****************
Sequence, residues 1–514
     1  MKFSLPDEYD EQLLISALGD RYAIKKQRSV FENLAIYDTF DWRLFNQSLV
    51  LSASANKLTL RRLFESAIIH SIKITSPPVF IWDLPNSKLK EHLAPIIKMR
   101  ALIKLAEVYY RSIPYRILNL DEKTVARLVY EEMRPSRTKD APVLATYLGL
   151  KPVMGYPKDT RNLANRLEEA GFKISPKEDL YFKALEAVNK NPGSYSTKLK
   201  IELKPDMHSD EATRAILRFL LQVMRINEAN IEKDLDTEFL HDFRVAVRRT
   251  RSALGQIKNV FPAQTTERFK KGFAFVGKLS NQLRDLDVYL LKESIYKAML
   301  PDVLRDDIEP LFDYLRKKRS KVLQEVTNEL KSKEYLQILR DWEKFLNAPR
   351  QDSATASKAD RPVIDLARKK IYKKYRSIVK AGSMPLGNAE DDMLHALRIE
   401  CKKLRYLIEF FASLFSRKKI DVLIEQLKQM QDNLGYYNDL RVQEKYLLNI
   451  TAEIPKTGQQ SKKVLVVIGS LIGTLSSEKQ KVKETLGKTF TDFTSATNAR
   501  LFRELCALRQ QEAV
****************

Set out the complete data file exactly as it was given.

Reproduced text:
Sequence, residues 1–514
     1  MKFSLPDEYD EQLLISALGD RYAIKKQRSV FENLAIYDTF DWRLFNQSLV
    51  LSASANKLTL RRLFESAIIH SIKITSPPVF IWDLPNSKLK EHLAPIIKMR
   101  ALIKLAEVYY RSIPYRILNL DEKTVARLVY EEMRPSRTKD APVLATYLGL
   151  KPVMGYPKDT RNLANRLEEA GFKISPKEDL YFKALEAVNK NPGSYSTKLK
   201  IELKPDMHSD EATRAILRFL LQVMRINEAN IEKDLDTEFL HDFRVAVRRT
   251  RSALGQIKNV FPAQTTERFK KGFAFVGKLS NQLRDLDVYL LKESIYKAML
   301  PDVLRDDIEP LFDYLRKKRS KVLQEVTNEL KSKEYLQILR DWEKFLNAPR
   351  QDSATASKAD RPVIDLARKK IYKKYRSIVK AGSMPLGNAE DDMLHALRIE
   401  CKKLRYLIEF FASLFSRKKI DVLIEQLKQM QDNLGYYNDL RVQEKYLLNI
   451  TAEIPKTGQQ SKKVLVVIGS LIGTLSSEKQ KVKETLGKTF TDFTSATNAR
   501  LFRELCALRQ QEAV